Falconry is under threat as never before. Most threats are peripheral. Death by a thousand cuts. We lose quarry licences. Mountain Hares become protected. Pest licences are restricted. Often the changes are not aimed at us at all; we are just collateral damage because we are so small. The Welsh government have come out against shooting as a leisure activity and Labour plan to do the same when next in government. This would most easily be implemented by banning game rearing, as has happened in some western European countries.

Who would have thought that you would need a licence to catch a crow or a pigeon, as if they were endangered species? As Britain becomes more and more urbanised and as social media can be used to sway and rally public opinion, without any first hand knowledge, country voices get drowned out.

For falconry to continue in any recognisable form, we must be cohesive and support one another. This means supporting our representatives on the Hawk Board and clubs who are at the battle front, dealing with government departments and the media. Politics, sadly, is not evidence-led. It simply follows perceived public opinions which means that, while some minorities received headline status, others like ours, are trodden on.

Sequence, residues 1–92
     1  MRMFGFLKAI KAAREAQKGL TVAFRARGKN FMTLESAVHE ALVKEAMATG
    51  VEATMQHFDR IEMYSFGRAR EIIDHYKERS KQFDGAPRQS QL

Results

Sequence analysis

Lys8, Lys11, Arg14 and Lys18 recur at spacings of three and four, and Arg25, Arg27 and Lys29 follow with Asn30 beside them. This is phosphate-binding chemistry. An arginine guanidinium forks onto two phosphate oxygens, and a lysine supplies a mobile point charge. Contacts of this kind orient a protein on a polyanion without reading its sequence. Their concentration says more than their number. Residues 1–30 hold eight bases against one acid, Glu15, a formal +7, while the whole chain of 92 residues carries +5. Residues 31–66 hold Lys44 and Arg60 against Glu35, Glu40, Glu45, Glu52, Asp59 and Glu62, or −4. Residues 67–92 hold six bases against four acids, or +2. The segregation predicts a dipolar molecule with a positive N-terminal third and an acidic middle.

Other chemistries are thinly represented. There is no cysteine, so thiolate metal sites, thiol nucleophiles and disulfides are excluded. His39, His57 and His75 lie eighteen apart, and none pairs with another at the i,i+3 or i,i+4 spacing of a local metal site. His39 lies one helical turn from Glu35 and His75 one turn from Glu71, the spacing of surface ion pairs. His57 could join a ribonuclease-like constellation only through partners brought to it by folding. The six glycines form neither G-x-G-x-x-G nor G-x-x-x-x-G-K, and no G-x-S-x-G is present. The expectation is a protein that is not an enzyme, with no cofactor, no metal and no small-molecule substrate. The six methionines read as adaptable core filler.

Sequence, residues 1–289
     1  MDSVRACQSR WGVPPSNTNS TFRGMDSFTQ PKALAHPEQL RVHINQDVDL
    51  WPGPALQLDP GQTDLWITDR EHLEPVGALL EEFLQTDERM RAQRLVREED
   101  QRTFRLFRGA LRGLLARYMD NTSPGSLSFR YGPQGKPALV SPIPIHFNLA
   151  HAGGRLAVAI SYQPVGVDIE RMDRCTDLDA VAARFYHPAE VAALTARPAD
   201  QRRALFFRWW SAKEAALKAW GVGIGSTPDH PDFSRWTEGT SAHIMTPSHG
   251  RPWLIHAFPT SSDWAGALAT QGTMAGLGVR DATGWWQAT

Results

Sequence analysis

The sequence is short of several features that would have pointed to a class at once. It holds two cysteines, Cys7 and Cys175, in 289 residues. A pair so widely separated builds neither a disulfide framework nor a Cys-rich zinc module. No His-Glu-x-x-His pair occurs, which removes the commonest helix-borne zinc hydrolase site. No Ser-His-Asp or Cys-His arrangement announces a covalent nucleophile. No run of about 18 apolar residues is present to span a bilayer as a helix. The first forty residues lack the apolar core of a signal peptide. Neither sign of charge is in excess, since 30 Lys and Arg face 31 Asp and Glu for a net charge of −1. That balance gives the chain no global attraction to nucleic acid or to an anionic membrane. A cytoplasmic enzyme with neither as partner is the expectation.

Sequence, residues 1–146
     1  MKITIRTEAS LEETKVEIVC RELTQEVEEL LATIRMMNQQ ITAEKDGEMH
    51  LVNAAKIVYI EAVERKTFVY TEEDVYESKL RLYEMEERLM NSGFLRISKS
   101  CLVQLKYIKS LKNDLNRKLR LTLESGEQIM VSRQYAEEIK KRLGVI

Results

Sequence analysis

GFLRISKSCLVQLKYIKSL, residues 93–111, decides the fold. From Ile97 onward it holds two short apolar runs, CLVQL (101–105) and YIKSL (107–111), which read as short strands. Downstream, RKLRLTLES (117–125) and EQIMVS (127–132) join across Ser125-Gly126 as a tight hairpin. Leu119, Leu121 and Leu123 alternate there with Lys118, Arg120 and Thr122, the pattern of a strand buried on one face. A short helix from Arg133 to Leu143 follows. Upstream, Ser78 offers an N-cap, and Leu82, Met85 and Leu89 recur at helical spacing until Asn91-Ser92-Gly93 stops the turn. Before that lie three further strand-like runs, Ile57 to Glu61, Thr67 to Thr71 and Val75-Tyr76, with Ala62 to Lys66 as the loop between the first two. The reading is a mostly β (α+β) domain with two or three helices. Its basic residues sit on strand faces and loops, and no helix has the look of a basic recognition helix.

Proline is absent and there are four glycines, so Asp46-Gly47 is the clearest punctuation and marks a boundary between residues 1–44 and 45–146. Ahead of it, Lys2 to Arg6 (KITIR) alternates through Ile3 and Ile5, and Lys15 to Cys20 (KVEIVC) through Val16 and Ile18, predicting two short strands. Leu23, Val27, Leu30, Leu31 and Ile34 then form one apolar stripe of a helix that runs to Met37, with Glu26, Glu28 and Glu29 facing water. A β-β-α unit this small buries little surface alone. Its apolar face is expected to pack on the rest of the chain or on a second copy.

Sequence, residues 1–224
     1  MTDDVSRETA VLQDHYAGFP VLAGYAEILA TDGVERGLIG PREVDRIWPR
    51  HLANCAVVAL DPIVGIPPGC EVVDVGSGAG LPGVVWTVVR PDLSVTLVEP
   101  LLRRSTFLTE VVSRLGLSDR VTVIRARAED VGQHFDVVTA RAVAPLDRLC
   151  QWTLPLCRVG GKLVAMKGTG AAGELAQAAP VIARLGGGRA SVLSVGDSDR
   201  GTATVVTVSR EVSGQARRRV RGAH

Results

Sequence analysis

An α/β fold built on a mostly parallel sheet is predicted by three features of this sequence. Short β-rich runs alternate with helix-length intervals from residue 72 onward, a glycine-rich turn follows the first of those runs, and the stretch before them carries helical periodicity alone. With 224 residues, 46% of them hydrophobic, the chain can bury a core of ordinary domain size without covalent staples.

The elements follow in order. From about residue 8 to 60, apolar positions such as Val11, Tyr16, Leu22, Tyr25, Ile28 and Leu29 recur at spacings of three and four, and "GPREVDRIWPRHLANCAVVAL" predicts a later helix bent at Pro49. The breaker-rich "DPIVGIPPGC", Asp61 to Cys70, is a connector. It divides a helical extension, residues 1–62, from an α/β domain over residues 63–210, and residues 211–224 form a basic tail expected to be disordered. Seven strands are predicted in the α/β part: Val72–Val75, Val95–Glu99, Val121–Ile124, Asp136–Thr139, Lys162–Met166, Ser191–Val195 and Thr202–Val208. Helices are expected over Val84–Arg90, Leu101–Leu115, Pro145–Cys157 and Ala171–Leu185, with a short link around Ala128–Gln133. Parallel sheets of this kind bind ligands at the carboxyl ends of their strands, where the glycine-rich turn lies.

Often we are our own worst enemies, airing our trivial grievances between each other on the social media, rather than creating a unifying influence. Before you press ‘Post’ on your Instagram or forum, ask yourself: Am I making a positive contribution, or am I just being negative, a disparaging doom and gloom merchant?

Tomorrow is the Queen’s funeral. It is the end of an era, and the beginning of a new one. I would like to say thankyou to the Queen for all the years of steadfast service she has given to us. She has set an example for us all to follow.

God Save the Queen!